Welcoming a New Bear: Scout the Therapy Dog


Victoria Juarez

Scout begins job as new therapy dog

Victoria Juarez, Editorial Editor

Selma High School welcomes Scout, a new therapy dog, to campus. The two-and-a-half-year-old dog is a great addition to the mental health department, providing students the comfort they may need as they navigate everyday stressors. Jeter has been our therapy dog for the last few years and has proved himself an exceptional asset. 

Both Scout and Jeter can be found in the Library on Mondays, Thursdays, and Fridays. On Tuesdays and Wednesdays, they are in room 907B. 

Scout began interning December of 2020, and ended her internship July of 2021. She was board certified August 10, 2021 and officially began her job the week before school started.

In order for a dog to get certified, a dog must go through a series of four different temperament tests. These tests are set in public locations, such as children’s hospitals, and are designed to put the dogs in different situations to test their personality and temper. Scout is certified for her Canine Good Citizen, Canine Community Good Citizen, AKC Tricks Novice certification, and is approved for the Lines of Therapy Dogs. 

Training and socializing a dog plays a big role in whether or not they can be a therapy dog. Not just any dog can do what Scout does. However, humans also determine the dog’s ability to get certified.

“It’s not just we go to a petstore and we pass one test and now they’re a therapy dog,” says Ms. Rangel, the dogs’ caretaker. “I had to go through a series of training as well in Colorado, on animal assisted psychotherapy. I’m also in the process of becoming certified in animal assisted play therapy.”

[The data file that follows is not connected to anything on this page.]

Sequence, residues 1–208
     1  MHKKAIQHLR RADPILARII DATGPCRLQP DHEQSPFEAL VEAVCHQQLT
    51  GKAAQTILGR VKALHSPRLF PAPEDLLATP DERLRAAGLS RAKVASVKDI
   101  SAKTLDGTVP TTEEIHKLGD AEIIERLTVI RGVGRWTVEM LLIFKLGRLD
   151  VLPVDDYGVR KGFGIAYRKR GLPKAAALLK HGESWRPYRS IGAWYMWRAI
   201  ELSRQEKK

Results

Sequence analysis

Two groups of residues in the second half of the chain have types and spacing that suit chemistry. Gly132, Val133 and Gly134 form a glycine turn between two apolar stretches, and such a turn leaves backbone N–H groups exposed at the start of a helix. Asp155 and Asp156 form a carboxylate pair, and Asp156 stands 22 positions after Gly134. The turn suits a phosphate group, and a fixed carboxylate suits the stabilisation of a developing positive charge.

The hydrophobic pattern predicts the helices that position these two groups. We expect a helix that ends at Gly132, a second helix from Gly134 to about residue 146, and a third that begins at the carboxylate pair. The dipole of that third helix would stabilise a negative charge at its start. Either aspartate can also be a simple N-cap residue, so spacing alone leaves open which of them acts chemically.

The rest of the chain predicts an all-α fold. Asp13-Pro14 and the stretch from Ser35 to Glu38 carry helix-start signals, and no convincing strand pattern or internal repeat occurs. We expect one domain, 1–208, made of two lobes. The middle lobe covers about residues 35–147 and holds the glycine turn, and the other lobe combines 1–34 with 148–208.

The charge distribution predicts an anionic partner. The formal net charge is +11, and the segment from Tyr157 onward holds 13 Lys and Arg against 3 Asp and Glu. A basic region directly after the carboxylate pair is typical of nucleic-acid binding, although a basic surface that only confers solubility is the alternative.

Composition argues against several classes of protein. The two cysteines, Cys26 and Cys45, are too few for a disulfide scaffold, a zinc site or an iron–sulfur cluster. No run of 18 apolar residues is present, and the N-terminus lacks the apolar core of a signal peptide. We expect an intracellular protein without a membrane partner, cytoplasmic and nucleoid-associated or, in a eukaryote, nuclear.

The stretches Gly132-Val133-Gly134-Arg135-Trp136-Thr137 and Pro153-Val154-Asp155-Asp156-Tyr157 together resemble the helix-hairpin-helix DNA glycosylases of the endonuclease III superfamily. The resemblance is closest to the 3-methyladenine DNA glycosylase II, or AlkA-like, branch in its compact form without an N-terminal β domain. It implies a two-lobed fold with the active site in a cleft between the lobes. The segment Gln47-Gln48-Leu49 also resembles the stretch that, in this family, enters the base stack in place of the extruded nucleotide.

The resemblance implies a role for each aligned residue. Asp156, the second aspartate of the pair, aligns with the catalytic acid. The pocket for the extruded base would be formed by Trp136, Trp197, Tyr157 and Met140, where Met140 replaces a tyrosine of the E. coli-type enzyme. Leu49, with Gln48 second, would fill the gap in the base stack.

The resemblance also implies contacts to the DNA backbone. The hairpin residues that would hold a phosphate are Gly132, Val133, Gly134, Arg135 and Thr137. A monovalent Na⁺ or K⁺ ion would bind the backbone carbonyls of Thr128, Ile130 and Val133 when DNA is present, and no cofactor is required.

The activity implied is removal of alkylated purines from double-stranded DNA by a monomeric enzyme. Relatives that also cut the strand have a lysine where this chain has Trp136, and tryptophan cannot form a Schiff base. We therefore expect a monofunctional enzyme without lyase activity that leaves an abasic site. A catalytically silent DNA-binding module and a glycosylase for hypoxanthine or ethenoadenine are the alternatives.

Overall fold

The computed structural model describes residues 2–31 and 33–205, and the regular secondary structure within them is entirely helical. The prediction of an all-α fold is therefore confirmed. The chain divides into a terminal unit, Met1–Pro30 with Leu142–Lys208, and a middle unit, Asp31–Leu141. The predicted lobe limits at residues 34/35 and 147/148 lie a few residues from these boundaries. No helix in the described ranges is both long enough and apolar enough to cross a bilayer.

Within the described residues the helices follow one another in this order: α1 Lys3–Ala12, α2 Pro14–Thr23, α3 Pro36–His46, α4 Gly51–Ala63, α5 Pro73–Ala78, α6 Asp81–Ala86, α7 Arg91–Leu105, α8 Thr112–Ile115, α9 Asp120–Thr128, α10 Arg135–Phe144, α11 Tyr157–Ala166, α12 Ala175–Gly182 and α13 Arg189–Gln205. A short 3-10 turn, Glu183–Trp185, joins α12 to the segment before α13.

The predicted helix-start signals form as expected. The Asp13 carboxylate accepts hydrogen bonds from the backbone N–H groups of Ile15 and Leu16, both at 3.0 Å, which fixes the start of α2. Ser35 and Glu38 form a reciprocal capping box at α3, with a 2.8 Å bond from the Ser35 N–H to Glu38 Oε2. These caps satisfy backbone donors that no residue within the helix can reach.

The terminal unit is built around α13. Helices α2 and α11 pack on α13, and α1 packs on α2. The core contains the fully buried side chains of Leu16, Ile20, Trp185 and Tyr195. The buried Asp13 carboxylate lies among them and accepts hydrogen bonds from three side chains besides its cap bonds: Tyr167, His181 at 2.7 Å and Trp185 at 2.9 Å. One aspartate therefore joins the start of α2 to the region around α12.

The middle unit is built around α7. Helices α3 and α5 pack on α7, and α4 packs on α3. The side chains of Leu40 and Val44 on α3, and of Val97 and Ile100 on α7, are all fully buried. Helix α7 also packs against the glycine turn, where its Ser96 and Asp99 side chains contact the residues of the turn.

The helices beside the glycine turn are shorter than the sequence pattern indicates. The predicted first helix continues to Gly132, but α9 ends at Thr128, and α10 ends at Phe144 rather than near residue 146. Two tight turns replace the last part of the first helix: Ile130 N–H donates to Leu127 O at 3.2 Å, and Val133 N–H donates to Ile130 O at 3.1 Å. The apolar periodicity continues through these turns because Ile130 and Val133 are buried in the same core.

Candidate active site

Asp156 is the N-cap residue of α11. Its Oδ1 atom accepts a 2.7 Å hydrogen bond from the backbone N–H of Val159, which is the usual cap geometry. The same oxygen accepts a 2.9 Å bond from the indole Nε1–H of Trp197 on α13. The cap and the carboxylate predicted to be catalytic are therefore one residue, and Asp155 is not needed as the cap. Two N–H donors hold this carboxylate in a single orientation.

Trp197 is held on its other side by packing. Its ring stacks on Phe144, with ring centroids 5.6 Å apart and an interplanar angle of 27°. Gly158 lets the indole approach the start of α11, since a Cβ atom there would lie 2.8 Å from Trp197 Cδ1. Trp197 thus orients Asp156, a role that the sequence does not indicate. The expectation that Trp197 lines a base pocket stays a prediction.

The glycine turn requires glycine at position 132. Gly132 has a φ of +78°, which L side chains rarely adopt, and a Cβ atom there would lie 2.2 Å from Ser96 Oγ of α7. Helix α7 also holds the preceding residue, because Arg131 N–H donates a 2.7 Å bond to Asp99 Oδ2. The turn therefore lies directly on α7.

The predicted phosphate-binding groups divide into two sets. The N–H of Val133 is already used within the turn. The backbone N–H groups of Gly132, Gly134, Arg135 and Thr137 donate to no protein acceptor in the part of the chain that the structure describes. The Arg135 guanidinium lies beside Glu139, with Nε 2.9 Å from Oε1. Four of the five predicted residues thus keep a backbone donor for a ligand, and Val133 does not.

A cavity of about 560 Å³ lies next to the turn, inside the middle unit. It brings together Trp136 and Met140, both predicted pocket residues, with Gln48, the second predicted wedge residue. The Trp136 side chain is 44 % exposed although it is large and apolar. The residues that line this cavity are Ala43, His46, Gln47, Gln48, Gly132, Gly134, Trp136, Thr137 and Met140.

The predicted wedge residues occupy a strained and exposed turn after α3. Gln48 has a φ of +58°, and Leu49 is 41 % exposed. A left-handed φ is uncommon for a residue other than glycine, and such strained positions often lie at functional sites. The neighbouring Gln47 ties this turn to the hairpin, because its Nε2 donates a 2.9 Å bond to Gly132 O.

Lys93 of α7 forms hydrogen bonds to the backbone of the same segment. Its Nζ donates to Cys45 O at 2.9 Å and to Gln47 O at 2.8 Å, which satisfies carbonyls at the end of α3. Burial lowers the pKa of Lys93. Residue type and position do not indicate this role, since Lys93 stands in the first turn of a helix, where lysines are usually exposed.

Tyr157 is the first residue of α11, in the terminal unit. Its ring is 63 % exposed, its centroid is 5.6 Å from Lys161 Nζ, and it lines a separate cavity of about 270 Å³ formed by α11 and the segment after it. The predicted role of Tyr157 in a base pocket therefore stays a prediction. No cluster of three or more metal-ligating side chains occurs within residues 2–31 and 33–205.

Besides being cute and cuddly, Scout is also very intelligent. She can count up to five by barking and knows her colors. 

With the addition of Scout, Selma High now has two therapy dogs, but the hope is that as Jeter gets older, Scout will gain more experience, allowing Jeter to retire peacefully. 

“He is slowing down a bit where throughout the day he will lay in his bed and be done for the day, and that’s when she steps in,” proclaimed Rangel. 

There is currently no timeline for when Jeter will retire. Jeter loves working with students and according to Rangel, his own health plummeted when due to Covid, he had to be away from them. 

Covid has also affected the way Jeter and Scout interact with students. Students are now required to sanitize their hands before and after they pet the dogs. The dogs also get wiped down after every visit, as well as get groomed every other Friday. 

With the increase in population, Scout and Jeter are now at the High School every day. Tuesdays and Wednesdays, they start their days by visiting other schools before settling at the highschool.

Ms. Rangel and the dogs share their office with both Kimberly Garcia and Lizette Rodriguez. Both are mental health clinicians at Selma High who are there to offer guidance to  mentally struggling students. 

Having two dogs on campus gives students the comfort and attention they may crave, as well as a bit of variety seeing as how both dogs have their own personalities.  

“Jeter is becoming more specific in what student he wants to work with but Scout is just so green, she just wants everyone’s attention,” affirmed Rangel. “It’s really interesting because some people say having two dogs on campus is a little much but seeing the students as they walk in the library, you can see their body demeanor change.” 

So the next time you are feeling down, students or staff, take a trip to the library or room 907B and give Scout a nice welcome to Selma High.